Imagine two people. They are friends or colleagues or neighbors. One person starts telling jokes about another, only criticizes her. All the time. Sometimes the jokes are offensive. He says how stupid that person, how unreasonable all her thoughts are, how limited and second-class she is.
What would be the outcome of such behavior? At least it will be alienation, at most it will be rivalry and fight.
One person pumps his ego up at the expense of another person while destroying the possibility of the dialog, cooperation and any constructive type of relationship. The second person might just either withdraw forever from such type of abusive relationship or will mirror the attitude towards her and start the fight.
And now think about "progressive" liberal media in the US. Starting from 1999 till today people like Jon Steward, Stephen Colbert, John Oliver run highly popular daily/weekly shows where they laughed at people with whom they disagree. The result of that is highly divided society each with each own media.
I've heard that such daily shows are a unique feature of American culture where it's allowed to make fun of anyone. I've been told that that is precisely the symbol of democracy. That might be a good point if such shows were merely additions to some serious media programs.But as far as I can tell, at least for the young people, those programs are the main source of political discourse.
Those programs divided people on "right"(pumping the egos up, because who don’t want to be "right" and it feels great to be on the "winning side") and "wrong". It is unfortunate, because I saw this happened in Ukraine in the years between 1991 and 2014. Once you have divided society it’s tough to bring it back. Usually, some tragic events follow such situation.
On top of dividing society, those programs, and those comedians completely trivialized discourse. Everything became a joke. There are different metaphors for life. I think John Oliver's metaphor is "life is a comedy… dark comedy". When you make fun of Dalai Lama, Snowden, religions, elections - you create a world where there is no serious subject anymore. Every topic is a comedy, which is there only for our entertainment.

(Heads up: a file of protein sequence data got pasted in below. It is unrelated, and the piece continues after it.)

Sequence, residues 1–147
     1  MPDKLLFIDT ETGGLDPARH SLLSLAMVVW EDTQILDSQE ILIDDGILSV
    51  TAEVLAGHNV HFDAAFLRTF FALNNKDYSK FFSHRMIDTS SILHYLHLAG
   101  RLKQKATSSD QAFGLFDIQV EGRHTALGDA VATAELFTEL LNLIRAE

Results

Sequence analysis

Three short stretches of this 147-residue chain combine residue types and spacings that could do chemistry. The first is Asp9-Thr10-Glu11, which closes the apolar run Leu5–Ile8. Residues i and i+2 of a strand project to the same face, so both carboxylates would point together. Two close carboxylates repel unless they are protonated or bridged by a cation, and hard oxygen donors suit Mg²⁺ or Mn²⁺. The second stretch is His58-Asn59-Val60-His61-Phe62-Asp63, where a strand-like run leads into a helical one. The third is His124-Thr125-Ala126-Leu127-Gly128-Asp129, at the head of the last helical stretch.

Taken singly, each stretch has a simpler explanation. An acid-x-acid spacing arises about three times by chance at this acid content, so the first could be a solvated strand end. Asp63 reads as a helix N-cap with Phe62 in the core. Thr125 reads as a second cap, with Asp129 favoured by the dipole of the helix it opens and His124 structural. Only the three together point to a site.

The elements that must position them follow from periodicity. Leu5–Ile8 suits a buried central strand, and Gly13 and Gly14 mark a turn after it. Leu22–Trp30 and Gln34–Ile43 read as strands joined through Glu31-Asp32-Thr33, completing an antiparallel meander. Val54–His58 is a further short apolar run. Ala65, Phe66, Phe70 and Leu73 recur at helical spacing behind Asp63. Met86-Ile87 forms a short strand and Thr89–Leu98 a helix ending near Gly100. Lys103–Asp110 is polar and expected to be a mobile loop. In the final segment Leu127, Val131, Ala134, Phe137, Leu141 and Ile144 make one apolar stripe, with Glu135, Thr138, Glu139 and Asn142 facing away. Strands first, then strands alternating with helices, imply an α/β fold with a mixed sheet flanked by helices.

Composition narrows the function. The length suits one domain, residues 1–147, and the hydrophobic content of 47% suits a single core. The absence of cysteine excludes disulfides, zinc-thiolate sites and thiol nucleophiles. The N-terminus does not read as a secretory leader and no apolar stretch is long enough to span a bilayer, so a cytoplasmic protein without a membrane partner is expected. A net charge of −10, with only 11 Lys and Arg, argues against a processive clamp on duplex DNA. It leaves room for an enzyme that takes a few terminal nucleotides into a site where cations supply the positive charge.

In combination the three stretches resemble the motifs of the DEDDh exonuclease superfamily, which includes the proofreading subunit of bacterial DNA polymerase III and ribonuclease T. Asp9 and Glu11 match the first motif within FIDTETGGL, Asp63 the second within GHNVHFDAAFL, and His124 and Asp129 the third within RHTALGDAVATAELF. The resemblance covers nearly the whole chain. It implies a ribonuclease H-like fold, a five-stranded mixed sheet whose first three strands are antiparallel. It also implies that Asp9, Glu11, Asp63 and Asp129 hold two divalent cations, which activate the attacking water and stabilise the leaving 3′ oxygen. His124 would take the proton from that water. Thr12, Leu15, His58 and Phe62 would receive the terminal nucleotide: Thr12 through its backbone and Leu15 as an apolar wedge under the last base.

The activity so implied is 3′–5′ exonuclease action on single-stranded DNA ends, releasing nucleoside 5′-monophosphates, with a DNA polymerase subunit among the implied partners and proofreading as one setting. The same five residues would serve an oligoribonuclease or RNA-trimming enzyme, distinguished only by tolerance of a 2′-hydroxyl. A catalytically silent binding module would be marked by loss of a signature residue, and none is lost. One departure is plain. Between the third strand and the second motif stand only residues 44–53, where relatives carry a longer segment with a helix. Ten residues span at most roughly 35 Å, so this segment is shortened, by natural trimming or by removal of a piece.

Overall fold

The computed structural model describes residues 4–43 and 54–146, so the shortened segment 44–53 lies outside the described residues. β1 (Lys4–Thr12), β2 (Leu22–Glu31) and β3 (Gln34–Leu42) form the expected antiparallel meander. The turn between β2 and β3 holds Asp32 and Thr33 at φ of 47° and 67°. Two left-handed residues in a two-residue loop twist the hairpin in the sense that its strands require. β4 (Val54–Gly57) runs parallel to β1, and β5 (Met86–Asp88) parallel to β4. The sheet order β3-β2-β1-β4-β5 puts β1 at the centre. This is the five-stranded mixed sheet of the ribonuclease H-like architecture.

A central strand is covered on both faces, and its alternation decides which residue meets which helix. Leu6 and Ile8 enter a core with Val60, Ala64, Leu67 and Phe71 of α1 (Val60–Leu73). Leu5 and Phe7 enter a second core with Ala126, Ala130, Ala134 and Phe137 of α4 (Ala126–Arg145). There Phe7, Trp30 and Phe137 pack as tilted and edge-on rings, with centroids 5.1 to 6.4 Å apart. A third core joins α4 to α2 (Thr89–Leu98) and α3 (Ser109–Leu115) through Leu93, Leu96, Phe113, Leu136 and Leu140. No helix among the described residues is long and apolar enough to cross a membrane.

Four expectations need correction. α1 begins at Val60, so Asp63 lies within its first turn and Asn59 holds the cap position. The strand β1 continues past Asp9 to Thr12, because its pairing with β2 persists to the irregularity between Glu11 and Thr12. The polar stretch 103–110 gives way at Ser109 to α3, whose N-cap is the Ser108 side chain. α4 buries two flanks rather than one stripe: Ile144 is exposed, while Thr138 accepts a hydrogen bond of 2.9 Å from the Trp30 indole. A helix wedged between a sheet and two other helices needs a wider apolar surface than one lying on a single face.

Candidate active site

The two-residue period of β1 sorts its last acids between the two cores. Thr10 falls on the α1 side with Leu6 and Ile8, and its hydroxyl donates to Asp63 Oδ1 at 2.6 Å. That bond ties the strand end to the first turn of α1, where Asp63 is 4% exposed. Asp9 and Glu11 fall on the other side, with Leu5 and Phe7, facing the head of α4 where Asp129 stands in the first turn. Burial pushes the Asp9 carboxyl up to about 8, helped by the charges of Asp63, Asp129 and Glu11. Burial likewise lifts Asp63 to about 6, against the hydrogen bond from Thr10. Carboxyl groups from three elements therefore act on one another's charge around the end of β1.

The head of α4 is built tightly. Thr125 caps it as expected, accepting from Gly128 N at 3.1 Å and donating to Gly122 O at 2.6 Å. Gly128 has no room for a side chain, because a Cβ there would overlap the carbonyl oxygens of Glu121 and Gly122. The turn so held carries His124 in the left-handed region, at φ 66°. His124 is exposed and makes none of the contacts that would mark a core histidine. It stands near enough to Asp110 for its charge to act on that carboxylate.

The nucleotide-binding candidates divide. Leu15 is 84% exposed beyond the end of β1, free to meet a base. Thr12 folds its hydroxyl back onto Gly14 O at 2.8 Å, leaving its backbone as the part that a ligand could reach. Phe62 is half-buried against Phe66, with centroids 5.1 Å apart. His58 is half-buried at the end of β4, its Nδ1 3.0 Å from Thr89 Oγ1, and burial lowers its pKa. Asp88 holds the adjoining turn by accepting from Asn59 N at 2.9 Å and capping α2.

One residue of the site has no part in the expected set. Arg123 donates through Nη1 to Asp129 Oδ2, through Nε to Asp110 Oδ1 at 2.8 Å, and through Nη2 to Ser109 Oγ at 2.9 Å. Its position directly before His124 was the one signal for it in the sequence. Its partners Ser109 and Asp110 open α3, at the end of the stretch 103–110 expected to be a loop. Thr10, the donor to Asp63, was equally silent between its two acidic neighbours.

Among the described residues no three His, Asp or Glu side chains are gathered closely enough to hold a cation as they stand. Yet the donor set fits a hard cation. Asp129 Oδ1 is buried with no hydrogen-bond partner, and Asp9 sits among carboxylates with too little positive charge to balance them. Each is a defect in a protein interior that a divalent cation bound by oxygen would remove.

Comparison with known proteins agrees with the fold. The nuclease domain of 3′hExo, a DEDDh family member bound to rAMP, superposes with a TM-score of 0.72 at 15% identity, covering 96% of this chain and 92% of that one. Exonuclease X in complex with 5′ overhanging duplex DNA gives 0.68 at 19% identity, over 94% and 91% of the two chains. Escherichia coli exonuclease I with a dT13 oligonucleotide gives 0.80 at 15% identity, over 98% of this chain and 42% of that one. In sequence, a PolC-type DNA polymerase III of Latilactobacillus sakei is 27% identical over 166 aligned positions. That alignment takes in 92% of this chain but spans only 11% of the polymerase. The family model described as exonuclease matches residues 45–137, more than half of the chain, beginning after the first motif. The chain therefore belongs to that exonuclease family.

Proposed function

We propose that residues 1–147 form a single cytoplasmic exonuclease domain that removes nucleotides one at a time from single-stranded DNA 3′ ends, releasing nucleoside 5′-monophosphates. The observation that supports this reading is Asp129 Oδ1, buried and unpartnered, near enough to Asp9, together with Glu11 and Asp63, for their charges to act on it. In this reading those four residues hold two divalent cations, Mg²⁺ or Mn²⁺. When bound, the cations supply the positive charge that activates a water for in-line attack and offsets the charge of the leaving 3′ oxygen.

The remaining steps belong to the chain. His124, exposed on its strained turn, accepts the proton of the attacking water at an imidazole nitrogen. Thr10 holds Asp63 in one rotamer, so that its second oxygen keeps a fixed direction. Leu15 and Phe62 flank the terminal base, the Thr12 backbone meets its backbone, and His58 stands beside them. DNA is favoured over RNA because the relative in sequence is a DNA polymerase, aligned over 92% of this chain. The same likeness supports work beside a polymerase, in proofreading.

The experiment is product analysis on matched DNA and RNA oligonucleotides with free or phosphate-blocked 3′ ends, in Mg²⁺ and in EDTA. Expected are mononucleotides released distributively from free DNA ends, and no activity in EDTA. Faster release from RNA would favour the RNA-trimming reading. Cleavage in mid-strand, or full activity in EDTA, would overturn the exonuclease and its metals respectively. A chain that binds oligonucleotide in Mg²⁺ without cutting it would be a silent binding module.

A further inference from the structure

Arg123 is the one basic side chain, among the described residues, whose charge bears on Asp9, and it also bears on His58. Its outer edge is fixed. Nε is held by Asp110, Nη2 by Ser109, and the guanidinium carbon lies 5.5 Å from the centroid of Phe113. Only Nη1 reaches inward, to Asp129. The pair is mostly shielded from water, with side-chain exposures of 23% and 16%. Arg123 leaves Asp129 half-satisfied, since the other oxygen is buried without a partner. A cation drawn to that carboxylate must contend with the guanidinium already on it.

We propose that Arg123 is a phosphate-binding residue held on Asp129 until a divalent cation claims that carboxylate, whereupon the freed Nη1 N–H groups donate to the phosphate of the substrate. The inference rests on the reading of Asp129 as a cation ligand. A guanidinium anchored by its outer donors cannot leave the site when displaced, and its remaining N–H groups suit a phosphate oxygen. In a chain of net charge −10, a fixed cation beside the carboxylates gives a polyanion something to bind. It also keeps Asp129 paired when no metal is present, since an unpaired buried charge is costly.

In fact, the current President of the US is an entertainer and for a lot of people idea of him becoming a President was a joke. But it’s the logical consequence of the world created by daily shows and comedians who became political commentators. In the world of "old" political discourse, Donald Trump would never become a President. But in the "new" world of comedy, it's precisely him, who should be a President.
Nowadays comedians also bring a lot of pure anger into the world. Please watch "Stephen Colbert at the 2006 White House Correspondents' Dinner" video and his commentary on it. He went there to make fun of President Bush, and he made him extremely angry by the end of the evening. In what moral framework is it acceptable to consciously make other people angry? He had no intentions for President to change his positions, opinions or actions. Because if he had, he would approach the problem differently. I think all he cared about was his fame. He prioritized his ego and made the President of the United States angry. When someone is angry, it's quite difficult to act and reason appropriately. You become less rational, more aggressive and bitter. It doesn't matter if I agree with policies of President Bush, I think Stephen Colbert is a "bad guy" here. He is essentially a high-school bully. Instead of being engaged in a constructive dialog he went for inappropriate behavior of the poorly developed teenager.
If you are liberal, why do you waste your energies blaming Trump, conservatives, Fox News, etc? What is the point in such blame? At least half of the responsibility lies on liberals. The only constructive way is to withdraw blame and hatred, analyze own mistakes and follow up with some conclusions and lessons learned about own behavior.
We need to change ourselves first.